• Flux calibration. The usability of these SEDs is conditional on the accuracy of the flux calibration available in the various energy bands. This is not a trivial issue considering the number of observational steps entering in the final calibration and in general, good cross-calibration requires an excellent understanding of the instruments. One should also pay careful attention to the homogenisation between catalogues overlapping in wavelength so that variability can be quantified efficiently. We also plan to use theoretical spectra of stars, star forming regions, AGNs, X-ray emitting plasmas, etc. to allow easy comparison with the observed spectral energy distributions. This comparison will allow us to check the correctness of the assembled multi-wavelength data and detect departures from theoretical expectations that will shed new light on the object. Both observed and theoretical SEDs will be handled in VOSED. VOSED6 is a VO-tool
    developed in the framework of the Spanish VO to facilitate the SED generation.

Archival catalogue:

Compiling the list of archival catalogues to query, following the criteria of quality and scientific relevance defined above is the focus of a dedicated work package. Some of the candidate astronomical archives that may be used to build SEDs are listed below.

  • ESAC archives
  • CDS archives

ESO public surveys: The European Southern Observatory, has executed several large area optical and near infrared surveys with the VST and VISTA telescope. The ESO public survey teams will publish source lists with excellent positional and photometric precision.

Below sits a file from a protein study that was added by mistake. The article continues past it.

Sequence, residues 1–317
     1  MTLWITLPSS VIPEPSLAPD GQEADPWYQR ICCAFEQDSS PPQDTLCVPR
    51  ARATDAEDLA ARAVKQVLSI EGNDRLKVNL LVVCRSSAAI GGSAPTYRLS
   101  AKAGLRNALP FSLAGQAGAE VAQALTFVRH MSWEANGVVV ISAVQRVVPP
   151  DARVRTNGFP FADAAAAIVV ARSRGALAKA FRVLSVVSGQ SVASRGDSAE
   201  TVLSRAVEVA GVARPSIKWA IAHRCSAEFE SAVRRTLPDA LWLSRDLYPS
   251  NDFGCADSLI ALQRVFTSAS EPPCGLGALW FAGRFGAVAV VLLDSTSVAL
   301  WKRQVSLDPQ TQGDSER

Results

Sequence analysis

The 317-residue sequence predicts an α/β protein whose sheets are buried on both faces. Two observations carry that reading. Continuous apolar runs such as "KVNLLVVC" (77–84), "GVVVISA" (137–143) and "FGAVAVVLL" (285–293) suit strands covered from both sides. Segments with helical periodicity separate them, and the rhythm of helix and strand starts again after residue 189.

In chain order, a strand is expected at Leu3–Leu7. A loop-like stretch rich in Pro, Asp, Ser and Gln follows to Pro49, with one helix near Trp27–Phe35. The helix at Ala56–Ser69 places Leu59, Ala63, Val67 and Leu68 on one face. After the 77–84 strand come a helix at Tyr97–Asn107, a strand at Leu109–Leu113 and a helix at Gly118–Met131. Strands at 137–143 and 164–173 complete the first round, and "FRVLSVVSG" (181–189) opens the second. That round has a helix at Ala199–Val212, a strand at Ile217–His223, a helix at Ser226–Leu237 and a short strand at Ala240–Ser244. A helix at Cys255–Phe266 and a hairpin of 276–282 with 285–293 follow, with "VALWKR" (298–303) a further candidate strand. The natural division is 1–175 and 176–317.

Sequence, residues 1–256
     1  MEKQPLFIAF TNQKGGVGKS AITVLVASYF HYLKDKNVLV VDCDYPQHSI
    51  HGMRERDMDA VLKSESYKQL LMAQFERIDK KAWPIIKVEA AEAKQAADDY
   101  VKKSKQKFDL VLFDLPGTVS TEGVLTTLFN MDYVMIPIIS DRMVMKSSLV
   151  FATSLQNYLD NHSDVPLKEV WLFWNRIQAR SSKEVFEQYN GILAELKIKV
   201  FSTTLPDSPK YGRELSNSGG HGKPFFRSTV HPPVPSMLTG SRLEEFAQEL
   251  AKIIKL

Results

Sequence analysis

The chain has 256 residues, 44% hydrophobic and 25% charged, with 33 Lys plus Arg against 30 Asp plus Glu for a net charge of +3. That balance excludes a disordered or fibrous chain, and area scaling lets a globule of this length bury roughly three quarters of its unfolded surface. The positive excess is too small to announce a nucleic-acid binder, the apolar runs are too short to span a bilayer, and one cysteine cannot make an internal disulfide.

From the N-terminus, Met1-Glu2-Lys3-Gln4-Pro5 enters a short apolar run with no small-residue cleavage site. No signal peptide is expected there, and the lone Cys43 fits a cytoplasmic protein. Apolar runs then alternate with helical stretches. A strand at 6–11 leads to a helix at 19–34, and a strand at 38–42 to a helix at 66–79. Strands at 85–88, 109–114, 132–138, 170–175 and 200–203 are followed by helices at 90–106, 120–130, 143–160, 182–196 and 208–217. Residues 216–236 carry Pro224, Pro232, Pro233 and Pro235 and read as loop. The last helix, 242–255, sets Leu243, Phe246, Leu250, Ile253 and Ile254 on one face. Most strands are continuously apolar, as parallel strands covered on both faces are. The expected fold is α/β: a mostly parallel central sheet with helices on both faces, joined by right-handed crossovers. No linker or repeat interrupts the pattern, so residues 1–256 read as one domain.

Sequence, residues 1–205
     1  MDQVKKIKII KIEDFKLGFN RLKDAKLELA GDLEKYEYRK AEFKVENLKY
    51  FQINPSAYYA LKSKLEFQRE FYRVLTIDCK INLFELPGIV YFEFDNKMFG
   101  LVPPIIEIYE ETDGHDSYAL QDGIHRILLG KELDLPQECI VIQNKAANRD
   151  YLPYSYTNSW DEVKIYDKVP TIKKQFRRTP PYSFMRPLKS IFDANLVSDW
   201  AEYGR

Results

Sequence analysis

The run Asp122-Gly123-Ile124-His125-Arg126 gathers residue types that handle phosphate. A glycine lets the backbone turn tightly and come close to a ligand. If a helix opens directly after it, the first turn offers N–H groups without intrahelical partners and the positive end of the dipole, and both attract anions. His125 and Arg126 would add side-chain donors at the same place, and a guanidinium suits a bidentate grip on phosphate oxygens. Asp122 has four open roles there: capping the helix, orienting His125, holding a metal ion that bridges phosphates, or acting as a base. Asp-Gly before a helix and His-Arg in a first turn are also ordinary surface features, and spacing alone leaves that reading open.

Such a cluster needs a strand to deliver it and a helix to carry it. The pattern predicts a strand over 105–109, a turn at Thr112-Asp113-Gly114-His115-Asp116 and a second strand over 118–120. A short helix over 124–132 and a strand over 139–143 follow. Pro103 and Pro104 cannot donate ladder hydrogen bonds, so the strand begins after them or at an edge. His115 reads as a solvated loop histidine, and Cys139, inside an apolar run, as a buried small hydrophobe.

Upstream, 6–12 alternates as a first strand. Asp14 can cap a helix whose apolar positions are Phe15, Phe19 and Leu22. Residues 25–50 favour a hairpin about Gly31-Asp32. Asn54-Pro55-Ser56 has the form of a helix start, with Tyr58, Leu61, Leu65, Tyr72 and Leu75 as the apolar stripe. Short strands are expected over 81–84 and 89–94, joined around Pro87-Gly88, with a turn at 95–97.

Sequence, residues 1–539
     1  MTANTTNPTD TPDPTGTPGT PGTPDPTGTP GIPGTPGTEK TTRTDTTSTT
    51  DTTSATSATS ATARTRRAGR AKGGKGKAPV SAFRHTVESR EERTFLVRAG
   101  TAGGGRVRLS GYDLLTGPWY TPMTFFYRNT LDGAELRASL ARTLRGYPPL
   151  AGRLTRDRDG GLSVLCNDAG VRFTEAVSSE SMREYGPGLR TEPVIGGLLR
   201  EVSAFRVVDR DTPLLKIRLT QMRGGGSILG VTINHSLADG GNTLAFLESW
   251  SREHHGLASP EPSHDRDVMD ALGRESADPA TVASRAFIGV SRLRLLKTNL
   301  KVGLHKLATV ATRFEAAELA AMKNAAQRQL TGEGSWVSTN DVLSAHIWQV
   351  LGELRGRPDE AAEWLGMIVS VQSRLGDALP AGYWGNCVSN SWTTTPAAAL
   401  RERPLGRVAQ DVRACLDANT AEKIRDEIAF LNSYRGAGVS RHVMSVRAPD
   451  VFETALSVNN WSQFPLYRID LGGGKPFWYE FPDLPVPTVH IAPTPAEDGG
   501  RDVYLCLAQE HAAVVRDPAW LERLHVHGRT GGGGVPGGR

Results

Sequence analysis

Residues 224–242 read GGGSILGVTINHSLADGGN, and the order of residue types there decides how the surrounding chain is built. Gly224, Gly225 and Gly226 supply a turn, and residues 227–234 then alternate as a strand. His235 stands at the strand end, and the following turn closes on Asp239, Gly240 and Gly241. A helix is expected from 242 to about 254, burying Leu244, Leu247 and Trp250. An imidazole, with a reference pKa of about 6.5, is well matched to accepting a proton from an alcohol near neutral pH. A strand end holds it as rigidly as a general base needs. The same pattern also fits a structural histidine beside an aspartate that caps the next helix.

The use of Chandra serendipitious catalogue will also be investigated and whenever possible we will use the Chandra positions in the cross-matching process.

A large number of new astronomical surveys are planned for the forthcoming decade. On the ground, the ESO public surveys will likely be completed and extended after the end of our project. In a similar manner, Pan-STARRS and later the LSST will flood the community with really huge number of optical sources and by repeating observations at a high rate, will open the possibility to explore the variability time window. In the X-ray domain, XMM-Newton operations may be extended for a decade or more. Also, the German-Russian project eRosita7, to be launched in 2013, will map the entire sky.

We will therefore extensively document the software tools and associated algorithms in scientific and technical publications. We will also train a number of software engineers and astronomers to use these tools so that the work investment proposed here becomes sustainable.


Goal 3: Product distribution

We will make available to the international community the cross-correlated catalogues, the resulting SEDs and all relevant documentation. These data will be hosted at ESAC and/or at the CDS and will be accessible through VO compliant services. The documentation will consist in technical reports and in articles published in refereed journals. Scientific results arising from our test science cases will also help to understand the nature and potential of these new products. Part or all of the software tools developed during this project will be publicly available and offered as stand-alone software packages and as dedicated services at CDS (e.g. the
probabilistic cross-matching tool).